Did you know that consumers throw away about 1.3 billion tonnes of edible food annually? In addition, food manufacturers lose about $940 billion a year due to food waste. The repercussions are not only economical but environmental as well. In this article, we discuss the food waste problem and how High Pressure Processing (HPP) can help solve it.
Food waste is a serious global problem that affects everyone, and has devastating consequences worldwide.
It’s reported that we throw away about 1/3 of our daily food and this happens in millions of households around the globe, which is equivalent to an annual waste of approximately 1.3 billion tons.
Food Waste: A Global Issue
Let’s take the problem to its root. Daily, we have access to a variety of foods that travel the world to reach our local supermarkets. In this journey, a lot of food is lost and wasted. The Food and Agriculture Organization of the United Nations (FAO) defines food waste as: “The decrease in quantity or quality of food resulting from decisions and actions by retailers, food service providers and consumers”. Whereas, the term food loss refers to food that is lost in earlier stages of production, for example in harvest and transportation.
In developing countries, more than 40% of the food losses take place in the post-harvest and processing stages. In developed countries, that same percentage occurs in retail and consumption. Consumers in industrialized countries waste almost the same amount of food (222 million tons) as the total net food production in sub-Saharan Africa (230 million tons).
The per capita amount of food wasted by consumers is 95 kg (210 lbs) to 115 kg (250 lbs) / year in Europe and North America. In sub-Saharan Africa and Southeast Asia only 6 kg (13 lbs) to 11 kg (25 lbs) / year is wasted (Source FAO Report, 2018).
It is estimated that food waste could rise by almost to a third by 2030, when more than 2 billion tonnes will be accumulated. This reality is also tougher to digest when experts say that just in the U.S there are about 35 million tons of food thrown away each year. This info-graphic from our customer Universal Pure gives a good visual explanation about the current food waste problem in the United States.
Food Waste Consequences
This problem is also linked to environmental and economic issues. According to Climate News worldwide, food waste contributes to 8% of greenhouse gases annually. If the uneaten food were a country, it would be the third world producer of greenhouse gas after the US and China, with a total of 3,300 million tons of CO2 per year.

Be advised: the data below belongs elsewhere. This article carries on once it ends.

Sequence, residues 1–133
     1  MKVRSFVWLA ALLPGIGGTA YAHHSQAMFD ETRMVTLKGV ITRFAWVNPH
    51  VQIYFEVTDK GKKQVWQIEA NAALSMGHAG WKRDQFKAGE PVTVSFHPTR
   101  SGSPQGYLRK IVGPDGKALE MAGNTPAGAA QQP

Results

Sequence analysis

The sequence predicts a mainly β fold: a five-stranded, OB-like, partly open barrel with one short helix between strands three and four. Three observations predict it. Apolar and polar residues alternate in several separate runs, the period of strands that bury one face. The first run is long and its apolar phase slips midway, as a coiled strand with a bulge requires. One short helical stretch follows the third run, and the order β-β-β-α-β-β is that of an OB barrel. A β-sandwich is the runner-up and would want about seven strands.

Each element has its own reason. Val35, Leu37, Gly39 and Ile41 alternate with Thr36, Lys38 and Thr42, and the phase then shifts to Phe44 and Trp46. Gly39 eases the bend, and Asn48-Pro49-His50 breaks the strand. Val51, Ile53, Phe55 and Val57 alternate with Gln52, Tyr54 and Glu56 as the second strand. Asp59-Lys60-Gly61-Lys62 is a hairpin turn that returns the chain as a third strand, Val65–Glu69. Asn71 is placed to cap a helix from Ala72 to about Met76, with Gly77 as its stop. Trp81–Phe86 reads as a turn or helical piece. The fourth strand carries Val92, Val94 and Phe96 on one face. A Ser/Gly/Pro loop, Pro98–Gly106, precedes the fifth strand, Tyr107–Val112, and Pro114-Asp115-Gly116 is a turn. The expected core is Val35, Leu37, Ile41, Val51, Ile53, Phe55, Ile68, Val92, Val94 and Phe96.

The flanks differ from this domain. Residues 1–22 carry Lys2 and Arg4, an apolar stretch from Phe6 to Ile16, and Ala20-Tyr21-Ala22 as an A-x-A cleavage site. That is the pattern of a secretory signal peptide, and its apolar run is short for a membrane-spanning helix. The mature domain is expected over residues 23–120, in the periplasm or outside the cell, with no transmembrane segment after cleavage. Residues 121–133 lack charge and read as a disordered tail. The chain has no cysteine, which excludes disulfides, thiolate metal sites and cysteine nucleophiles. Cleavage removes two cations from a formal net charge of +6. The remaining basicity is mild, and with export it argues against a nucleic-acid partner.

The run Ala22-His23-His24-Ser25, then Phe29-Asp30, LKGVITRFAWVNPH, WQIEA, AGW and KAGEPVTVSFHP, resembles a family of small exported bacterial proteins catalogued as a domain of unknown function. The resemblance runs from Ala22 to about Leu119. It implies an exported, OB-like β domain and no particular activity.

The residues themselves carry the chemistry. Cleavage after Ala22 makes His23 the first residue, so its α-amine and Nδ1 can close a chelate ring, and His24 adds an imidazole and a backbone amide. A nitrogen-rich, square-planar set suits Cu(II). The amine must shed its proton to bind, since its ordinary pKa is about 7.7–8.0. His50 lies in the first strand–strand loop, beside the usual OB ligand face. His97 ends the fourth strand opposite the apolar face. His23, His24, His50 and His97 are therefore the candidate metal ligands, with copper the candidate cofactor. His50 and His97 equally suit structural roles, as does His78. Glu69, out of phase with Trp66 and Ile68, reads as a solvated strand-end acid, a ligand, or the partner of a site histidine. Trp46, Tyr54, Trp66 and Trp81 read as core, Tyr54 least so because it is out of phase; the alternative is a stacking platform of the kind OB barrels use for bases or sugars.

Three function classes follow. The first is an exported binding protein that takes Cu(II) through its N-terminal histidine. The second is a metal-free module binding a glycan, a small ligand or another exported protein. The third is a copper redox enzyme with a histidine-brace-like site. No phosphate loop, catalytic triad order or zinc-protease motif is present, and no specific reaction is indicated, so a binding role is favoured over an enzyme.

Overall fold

This is not only an environmental problem but also a financial problem… Ultimately, the world economy takes a big toll of $940 billion per year while losing one-third of the food production that goes to waste.
Can High Pressure Processing be a viable solution for the Food Waste problem?
The High Pressure Processing (HPP) industry joins this fight by encouraging suppliers and service providers to focus on quality and sustainability. HPP uses pressure instead of heat to inactivate both pathogens and spoilage microorganisms, extending the product shelf-life for weeks or even months, under refrigeration, and maintaining the nutritional properties of food. This makes HPP an alternative solution to help with the food waste problem.
How can HPP minimize food waste?
Indeed, we all waste food, and at times, more than we perceive. Although awareness is growing, the majority of consumers throw away perfectly edible food.
It is imperative to take a stand, and put in place programs and food systems that promote the availability and accessibility of fresher and more nutrient-dense foods for everyone. High Pressure Processing (HPP) offers a non-thermal process that can deliver upon the much-needed change.
For example, the annual orange juice consumption per person in the United States was estimated to be around 10 liters in 2018-2019. To achieve this demand, millions of tons of fruits are lost in fields, warehouses, packaging, distribution, supermarkets, restaurants, and so on.
By applying HPP to fresh juice, the waste would be minimized, since the product shelf-life would be extended. At the same time, consumer’s preferences for a natural, healthy and clean label product would still be met. This technology helps to retain the sensorial and nutritional characteristics of food, without the need to add preservatives. In this study, Navel orange juice was processed at 6000 bar for 60 seconds and obtained a shelf-life of more than 84 days, under refrigerated storage.
By extending the shelf-life of products, HPP technology aids to modify or eliminate traditional store practices. For example, instead of replenishing products every two or three days, they can do it every week or month. In addition, it is also possible to combine HPP technology with sustainable packaging solutions.
All in all, HPP technology is in line with the fundamental objective pursued by all strategies defined to alleviate this global problem, that is, to prevent food waste by promoting a real change of attitudes and work procedures, reducing environmental pressures and contributing to a more sustainable production and consumption model.
To celebrate World Food Day, Hiperbaric has collected and donated to a local institution to help and support those in need. We invite you to join this solidarity wave and collaborate with your local food banks.
If you want more information about how high pressure processing can help you reduce food waste, do not hesitate to contact us.